Tuesday, November 16, 2010

World Diabetes Day: The Late Edition??

I know, I'm a week or so late for the diabetes blogathon, and I know that I have not blogged since July (?!?! Really!!?!). I DON'T know what my deal is. I'm in a slump of sorts. I've been trying to figure it all out for months.

Maybe it's because before I got pregnant, I didn't really have a good diabetes routine. I didn't focus much on it. I checked here and there and bolused along those same lines, but it wasn't a focus for me. It was just there, and I had to deal with it to function, but it was certainly not a priority.

It was certainly not the priority it became once I was pregnant... maybe the better term would be obsession. I obsessed over it. I checked 25 times/day the first two days I found out I was responsible for another life. I cried when I had blood sugars of 130 for more than 30 minutes and I checked my CGMS every 10 minutes, at least, even when I settled down a bit. It was easy, though. Well, not easy, but it was worth it. All of the time, dedication, the finger pricks, the huge CGMS needles, the site changes... all of it was so worth it. It was for her. So why can't I do it for ME?

Well, here are my 6 things I'd like for you to know about diabetes, and they do all somewhat run together, but here they are:

1. There are no real rewards.

Sure, living, and especially living without complications, is a reward. But it isn't tangible. It isn't like we get a gold star or a tootsie roll at the end of a hard day's work. And even then, it isn't a guarantee. Even if I do everything I should, I could still have complications, and diabetes could still kill me.

I think that is why it was easy when I was pregnant...I was working toward a goal, a very tangible, perfect little reward. But now, and before? Well, I am already living, and shouldn't that just be a given? That I get to continue living, without having to FIGHT for it every.second.of.every.day...

2. It doesn't stop and it will never end.

...Diabetes is all day, every day, there are no breaks, and there are no vacations; the further you try to run, the harder it will hit you. There is no escape. It's always on my mind. I'm always calculating, wondering, and waiting. I never know when my next low will hit me, when the next time I'll be shaking all over, unable to focus or think clearly, covered in sweat, and faced with the fear that this may be the one that gets me...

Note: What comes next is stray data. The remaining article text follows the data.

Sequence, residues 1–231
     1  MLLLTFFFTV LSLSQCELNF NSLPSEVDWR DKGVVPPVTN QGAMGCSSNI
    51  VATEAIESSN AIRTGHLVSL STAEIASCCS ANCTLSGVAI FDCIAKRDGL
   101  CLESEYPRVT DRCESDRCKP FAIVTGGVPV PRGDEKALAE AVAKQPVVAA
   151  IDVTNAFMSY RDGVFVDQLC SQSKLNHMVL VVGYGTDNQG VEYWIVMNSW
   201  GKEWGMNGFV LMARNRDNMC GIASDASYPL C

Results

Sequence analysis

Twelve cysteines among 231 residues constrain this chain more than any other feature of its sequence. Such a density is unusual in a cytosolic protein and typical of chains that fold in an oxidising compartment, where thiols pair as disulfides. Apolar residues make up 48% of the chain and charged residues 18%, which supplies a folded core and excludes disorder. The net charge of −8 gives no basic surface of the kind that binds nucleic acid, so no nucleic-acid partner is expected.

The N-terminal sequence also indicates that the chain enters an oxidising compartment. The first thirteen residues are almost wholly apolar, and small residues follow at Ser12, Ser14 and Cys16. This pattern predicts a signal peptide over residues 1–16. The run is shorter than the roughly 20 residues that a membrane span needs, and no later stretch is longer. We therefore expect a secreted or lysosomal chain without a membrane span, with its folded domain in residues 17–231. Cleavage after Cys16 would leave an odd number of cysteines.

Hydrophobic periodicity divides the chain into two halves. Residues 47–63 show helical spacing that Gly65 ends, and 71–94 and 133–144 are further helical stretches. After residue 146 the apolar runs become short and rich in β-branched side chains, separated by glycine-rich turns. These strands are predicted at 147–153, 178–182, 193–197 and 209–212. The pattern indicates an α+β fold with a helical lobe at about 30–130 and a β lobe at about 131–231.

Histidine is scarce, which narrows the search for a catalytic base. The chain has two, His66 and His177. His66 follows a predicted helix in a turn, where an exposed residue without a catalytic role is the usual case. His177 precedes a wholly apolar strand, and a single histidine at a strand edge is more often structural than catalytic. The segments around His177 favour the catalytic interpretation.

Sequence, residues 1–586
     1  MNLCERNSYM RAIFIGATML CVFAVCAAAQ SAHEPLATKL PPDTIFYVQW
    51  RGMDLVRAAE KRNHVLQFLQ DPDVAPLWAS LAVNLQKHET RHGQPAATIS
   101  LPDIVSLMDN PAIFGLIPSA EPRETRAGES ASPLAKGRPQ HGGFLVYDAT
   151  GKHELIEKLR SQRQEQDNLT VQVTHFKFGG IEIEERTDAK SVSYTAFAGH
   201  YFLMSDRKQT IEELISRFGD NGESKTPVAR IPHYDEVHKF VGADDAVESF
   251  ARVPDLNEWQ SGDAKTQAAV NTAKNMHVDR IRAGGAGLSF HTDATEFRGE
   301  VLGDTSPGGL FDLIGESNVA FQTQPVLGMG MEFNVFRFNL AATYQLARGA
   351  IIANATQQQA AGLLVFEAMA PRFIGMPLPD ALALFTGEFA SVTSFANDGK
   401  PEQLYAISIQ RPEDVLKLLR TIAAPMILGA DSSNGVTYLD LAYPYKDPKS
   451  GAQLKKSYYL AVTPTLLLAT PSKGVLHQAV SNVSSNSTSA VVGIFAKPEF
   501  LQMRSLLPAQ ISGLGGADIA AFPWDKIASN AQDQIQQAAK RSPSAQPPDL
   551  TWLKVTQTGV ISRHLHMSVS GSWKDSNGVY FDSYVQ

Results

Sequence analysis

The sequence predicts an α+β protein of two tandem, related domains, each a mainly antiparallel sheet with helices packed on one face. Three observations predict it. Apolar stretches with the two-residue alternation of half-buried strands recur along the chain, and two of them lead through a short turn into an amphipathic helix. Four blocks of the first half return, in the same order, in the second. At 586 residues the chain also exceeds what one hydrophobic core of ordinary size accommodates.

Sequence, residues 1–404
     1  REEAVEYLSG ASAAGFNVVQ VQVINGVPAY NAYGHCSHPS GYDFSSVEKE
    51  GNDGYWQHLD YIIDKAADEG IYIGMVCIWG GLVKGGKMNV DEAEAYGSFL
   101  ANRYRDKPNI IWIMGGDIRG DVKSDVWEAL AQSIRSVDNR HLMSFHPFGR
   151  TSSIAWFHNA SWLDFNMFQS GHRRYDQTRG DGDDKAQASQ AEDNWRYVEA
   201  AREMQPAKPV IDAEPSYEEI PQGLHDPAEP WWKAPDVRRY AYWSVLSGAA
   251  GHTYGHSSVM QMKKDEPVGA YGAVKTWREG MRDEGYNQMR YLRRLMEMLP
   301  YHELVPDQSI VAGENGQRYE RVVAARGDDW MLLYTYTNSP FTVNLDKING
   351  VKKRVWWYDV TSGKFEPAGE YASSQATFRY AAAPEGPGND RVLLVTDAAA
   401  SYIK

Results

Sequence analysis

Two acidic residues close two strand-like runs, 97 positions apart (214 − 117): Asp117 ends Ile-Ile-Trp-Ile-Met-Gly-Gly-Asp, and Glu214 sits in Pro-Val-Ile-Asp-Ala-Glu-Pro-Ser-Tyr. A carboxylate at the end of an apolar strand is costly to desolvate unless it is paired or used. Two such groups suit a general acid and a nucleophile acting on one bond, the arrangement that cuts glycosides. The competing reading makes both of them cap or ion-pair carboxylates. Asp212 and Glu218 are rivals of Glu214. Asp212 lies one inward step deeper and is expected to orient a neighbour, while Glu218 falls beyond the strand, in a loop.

3. It is scary.

...This may be the one that knocks me unconscious, the one that I'll never wake up from. The one that will leave me helpless, and maybe I'll have my daughter with me, or maybe I'll be alone. Or maybe it won't be that quick, maybe it will just debilitate me, leave me blind, or require amputations, or dialysis... These are not always conscious thoughts and I certainly don't live in fear... but the reality is always there, no matter how deep I try to bury it, and that reality won't go away, no matter how hard I try...

3. It is HARD.

...To do well is far from easy. It takes a lot of effort, a lot of time, a lot of thought and calculation. You have to always be on your A game, never slacking or losing track. There is no mindless snacking, or getting too busy to eat. Things that other people take for granted are the things that keep us alive. One wrong move, one guesstimation that is off can send us spiraling out of control. So we have to be determined, and dedicated and check check check to make sure we're on track, but that is no guarantee that we will be. No matter how hard we try, there is no such thing as truly getting it right...

4. I'm never in control and I'll never really get it right.

...Even when we're at our best, we're always susceptible to things going wrong: bad sites, bad insulin, wrong calculations, getting sick, and the list goes on. The fact of the matter is that there is no such thing as total control. We are never really in control of anything... Diabetes always has the one up. So sometimes I just don't feel like fighting it anymore. What's the point if it's a losing battle, if it's a battle I can't win...